We’d stopped in an all-night deli underneath the F line for sandwiches near the end of a long night on the road. I’d ordered a chicken cutlet on a roll with lettuce and mayo. No tomatoes, I said, each time the man behind the counter had asked me if I wanted them. The sandwich arrived with tomatoes and cheese. I ate it anyway.
There was a couple seated across from each other at a table in the deli. They didn’t say a word to one another. He had a solemn expression; she wore a warm smile. They stared into each other’s eyes.
I looked over at them often as I ate my sandwich and always found them locked in the same position.
It might have been a staring contest. I couldn’t tell who was winning. Soon, I’d stopped stealing quick glances and started staring at the both of them. They didn’t notice me.
Neither flinched. I stood to leave but kept watching them as I did. As I passed by, she took her eyes off her rival and looked at me. Her warm expression remained. I looked away hoping I hadn’t influenced the outcome.
I was in a Dunkin Donuts parking lot when a woman approached me. She had a little girl, her daughter, in tow.
The woman looked upset. She told me she just got mugged and had called the cops and asked for a ride to a nearby supermarket.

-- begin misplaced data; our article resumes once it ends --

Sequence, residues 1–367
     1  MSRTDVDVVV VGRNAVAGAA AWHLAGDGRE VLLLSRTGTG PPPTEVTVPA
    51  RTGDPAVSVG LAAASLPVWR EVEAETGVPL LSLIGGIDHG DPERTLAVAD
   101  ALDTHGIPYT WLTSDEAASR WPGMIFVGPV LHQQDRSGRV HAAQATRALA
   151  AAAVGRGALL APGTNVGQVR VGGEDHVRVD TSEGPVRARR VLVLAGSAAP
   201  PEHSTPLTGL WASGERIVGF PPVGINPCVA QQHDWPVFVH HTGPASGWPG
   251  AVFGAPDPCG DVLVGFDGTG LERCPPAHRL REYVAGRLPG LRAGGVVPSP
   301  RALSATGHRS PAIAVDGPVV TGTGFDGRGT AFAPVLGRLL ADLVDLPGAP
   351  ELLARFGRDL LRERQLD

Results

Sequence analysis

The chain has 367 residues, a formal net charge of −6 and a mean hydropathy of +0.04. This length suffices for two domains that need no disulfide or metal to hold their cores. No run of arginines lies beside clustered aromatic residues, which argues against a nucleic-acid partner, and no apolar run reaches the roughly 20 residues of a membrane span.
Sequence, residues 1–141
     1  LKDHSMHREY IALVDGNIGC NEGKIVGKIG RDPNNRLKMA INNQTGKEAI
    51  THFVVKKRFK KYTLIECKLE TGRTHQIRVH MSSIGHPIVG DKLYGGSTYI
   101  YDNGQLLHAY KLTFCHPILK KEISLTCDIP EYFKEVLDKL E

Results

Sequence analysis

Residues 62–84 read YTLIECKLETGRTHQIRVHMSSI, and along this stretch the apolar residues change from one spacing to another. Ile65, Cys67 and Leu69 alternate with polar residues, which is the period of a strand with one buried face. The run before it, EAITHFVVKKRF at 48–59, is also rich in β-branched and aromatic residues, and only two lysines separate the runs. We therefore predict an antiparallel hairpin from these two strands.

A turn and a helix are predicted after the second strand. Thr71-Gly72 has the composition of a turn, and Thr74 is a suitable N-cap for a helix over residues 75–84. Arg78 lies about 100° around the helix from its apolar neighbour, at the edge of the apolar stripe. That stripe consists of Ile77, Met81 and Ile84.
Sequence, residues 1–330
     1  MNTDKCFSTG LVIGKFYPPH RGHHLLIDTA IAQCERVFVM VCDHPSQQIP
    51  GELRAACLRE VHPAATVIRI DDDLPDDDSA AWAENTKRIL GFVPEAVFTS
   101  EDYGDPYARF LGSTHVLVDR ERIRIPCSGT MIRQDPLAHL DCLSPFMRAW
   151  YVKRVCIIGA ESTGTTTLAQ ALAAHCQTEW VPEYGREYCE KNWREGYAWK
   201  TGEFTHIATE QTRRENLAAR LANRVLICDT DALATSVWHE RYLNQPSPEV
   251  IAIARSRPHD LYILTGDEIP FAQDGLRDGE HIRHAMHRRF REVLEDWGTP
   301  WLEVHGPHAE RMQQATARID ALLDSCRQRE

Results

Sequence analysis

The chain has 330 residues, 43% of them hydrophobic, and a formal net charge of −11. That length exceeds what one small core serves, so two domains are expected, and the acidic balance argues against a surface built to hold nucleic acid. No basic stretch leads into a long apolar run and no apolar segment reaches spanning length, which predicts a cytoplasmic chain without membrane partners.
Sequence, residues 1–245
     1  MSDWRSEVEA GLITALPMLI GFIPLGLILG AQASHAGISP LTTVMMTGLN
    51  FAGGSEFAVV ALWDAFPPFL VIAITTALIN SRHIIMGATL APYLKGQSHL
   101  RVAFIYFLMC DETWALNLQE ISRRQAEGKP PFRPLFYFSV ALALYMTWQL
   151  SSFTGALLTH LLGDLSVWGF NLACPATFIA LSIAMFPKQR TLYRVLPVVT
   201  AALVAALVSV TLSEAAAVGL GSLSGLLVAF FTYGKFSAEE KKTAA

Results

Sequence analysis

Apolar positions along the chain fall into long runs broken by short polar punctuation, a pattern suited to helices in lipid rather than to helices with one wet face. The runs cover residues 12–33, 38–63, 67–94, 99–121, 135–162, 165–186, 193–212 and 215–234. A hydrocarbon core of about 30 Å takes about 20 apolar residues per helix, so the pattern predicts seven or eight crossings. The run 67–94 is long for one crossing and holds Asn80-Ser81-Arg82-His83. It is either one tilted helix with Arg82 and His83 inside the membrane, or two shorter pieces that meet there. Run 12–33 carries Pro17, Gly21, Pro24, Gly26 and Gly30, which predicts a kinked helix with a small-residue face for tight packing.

I probably wouldn’t have done it of she wasn’t with a child. The little girl, Joanna, sat buckled into the back seat. “You have a chicken,” she said, referring to my rubber chicken mascot/good luck charm I keep in the car. “The cops better not see that I’m not in a car seat, they’ll give us a ticket,” she warned.
The mother rattled on about the mugging. She said she was hit over the head, attacked from behind. I asked Joanna if she was alright. “I’m ok, mister,” she said.
The mother’s story was a jumble of facts. She was accosted by a group of four about a quarter mile away. She’d just gotten off the bus when it happened and her car and house keys and wallet were stolen, but she still had a bag with her cell phone in it.
By the time we approached the supermarket, I was pretty sure I was lied to. The mother asked me for five dollars. I told her I didn’t have any cash. “Two dollars?” she countered.
I pulled over in front of the supermarket. The woman said “God bless you” as she exited. I looked over my shoulder and said good night to the kid in the back. “Thank you, mister,” she said. “I like your chicken.” And the two of them scampered into the store.